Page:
Taxes are on the rise for high earners. The passing of the 2012 American Taxpayer Relief Act (ATRA) increased the federal income tax rate and the Medicare tax rate and placed a tax surcharge on portfolio income. These hikes made protecting their hard-earned money more important than ever for many Americans earning over $400,000 per year. The increasing pressure to find tax savings, combined with IRS clarification of cash balance plan regulations, has led to the soaring popularity of cash balance plans.

A cash balance plan is a defined benefit plan that looks like a defined contribution plan on the participant’s end. The plan administrator maintains a hypothetical account for each participant and credits annual contributions and interest to that account. Annual contributions are typically set at around 5% of the employee’s salary, and the predefined interest rate is usually set somewhere between 3 and 5 percent.

All contributions go into a pooled investment account directed by a trustee. Because the employee’s final benefits are not affected by fluctuations in the portfolio, the employer bears all investment risks and is responsible for coordinating the plan’s investments, usually handled by hiring an investment advisor or an actuary. Employees receive annual account statements similar to those given to 401(k) participants, showing the hypothetical value of their account and the monthly payout that they can expect upon retirement.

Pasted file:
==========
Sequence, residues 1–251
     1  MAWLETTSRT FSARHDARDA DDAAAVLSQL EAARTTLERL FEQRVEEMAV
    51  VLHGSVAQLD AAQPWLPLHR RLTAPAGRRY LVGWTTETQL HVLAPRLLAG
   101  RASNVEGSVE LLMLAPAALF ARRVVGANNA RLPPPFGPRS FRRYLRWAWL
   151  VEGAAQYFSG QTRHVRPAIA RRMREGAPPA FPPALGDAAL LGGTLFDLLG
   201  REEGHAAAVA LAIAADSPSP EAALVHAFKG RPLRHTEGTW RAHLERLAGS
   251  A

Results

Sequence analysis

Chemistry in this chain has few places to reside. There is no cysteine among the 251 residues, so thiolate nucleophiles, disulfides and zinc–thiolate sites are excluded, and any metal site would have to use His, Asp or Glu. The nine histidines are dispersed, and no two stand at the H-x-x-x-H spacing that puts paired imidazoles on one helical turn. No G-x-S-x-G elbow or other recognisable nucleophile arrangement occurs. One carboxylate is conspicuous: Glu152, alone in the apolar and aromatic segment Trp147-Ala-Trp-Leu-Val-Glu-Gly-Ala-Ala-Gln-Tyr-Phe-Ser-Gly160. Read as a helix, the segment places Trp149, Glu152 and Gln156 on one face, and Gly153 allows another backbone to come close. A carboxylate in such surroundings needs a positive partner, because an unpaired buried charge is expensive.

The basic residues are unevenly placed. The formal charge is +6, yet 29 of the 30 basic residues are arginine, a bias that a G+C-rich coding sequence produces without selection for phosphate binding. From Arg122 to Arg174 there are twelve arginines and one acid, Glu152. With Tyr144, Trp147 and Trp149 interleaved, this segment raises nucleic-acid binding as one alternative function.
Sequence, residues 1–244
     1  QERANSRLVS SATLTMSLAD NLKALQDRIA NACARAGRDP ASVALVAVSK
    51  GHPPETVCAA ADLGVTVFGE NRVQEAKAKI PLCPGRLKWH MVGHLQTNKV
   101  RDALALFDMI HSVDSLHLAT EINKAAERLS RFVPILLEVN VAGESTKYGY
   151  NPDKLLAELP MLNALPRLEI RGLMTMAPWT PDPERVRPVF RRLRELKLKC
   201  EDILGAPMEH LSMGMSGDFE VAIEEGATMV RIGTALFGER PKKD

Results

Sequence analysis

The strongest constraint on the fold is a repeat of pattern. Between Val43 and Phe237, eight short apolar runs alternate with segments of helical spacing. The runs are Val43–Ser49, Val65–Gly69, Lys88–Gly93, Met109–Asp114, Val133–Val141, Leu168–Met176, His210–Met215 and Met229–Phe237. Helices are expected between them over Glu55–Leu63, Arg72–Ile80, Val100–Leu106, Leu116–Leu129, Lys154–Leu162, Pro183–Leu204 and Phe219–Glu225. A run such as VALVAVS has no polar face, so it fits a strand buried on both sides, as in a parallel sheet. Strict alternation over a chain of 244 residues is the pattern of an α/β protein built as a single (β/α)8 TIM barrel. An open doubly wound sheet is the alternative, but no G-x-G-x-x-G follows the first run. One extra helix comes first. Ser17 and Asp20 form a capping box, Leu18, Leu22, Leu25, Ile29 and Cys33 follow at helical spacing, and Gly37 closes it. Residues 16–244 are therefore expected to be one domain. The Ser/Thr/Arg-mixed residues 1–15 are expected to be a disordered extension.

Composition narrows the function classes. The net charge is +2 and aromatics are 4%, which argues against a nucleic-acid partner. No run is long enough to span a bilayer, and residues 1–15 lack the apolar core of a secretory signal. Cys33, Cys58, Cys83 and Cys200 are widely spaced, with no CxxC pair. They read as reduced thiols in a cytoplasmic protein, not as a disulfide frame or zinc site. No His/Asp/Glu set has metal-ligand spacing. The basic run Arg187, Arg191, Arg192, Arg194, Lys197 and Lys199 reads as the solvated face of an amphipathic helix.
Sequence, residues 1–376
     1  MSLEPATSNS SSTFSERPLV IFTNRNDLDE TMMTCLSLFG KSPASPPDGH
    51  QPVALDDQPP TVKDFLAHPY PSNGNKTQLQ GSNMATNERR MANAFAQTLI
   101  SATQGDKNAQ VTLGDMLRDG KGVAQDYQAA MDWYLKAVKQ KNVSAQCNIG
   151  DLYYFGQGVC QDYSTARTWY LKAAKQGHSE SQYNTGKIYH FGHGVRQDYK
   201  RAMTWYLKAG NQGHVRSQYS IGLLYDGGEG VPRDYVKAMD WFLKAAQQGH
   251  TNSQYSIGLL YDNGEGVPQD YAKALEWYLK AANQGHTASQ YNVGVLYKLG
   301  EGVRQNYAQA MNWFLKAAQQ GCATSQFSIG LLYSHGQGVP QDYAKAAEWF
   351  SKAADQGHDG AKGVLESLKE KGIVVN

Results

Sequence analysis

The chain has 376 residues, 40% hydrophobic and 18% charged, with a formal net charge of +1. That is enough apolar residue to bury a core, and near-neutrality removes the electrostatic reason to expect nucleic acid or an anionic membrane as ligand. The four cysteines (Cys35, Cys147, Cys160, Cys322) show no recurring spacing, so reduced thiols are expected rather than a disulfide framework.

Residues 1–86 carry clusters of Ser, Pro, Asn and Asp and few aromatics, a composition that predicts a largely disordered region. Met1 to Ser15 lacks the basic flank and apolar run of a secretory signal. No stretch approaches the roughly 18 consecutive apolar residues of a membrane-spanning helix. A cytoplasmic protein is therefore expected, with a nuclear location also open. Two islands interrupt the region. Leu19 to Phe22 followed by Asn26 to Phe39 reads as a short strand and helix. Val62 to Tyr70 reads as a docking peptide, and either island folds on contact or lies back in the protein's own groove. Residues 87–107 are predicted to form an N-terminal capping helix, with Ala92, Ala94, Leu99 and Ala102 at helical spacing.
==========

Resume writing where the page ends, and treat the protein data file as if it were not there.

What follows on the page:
Adding a cash balance plan is particularly useful for high earners seeking increased tax savings and for older business owners looking to accelerate their retirement savings. When combined with a 401(k) plan, a cash balance plan can more than quadruple the maximum deductible contribution for an individual, bringing total contribution limits from the $50-60k range to over $200,000 annually. This dramatic increase in deductible contributions helps cash balance plan participants to substantially increase their tax savings.

So, when should you give cash balance plans a second look? Employers who will likely benefit the most from a cash balance plan include:

  • Professional practices with high earners (doctors, lawyers, orthodontists, engineers, architects, etc.)
  • Older employers who have not saved enough for retirement and would like to accelerate their savings
  • Sole proprietors with a high income or large cash flow
  • Family businesses
  • Any highly-profitable companies

Companies looking to attract and retain highly talented employees, who are often attracted by defined benefit plans

Cash balance plans offer the opportunity to significantly increase tax savings while accelerating retirement accounts for both employers and employees. For many business owners, taking advantage of a cash balance plan is the best tax-deferred savings opportunity in existence. I strongly recommend that you explore the possibilities of cash balance plans. -William Hall III

Cash Balance Advisors is a national company with many locations to assist business owners in building a custom cash balance plan for retirement. We are affiliated with an independent group of highly advanced planning professionals. With the use of a cash balance plan, our group of advisors collaboratively develop forward-thinking strategies and work closely with CPAs to help business owners like you with additional top-line-deductions for a secure lifestyle that will last well beyond your lifetime.

Please see our advisor’s only website here, cashblanceadvisors.org. The password is “success”

Also please see our Unique Value Proposition here, cbaoverview.com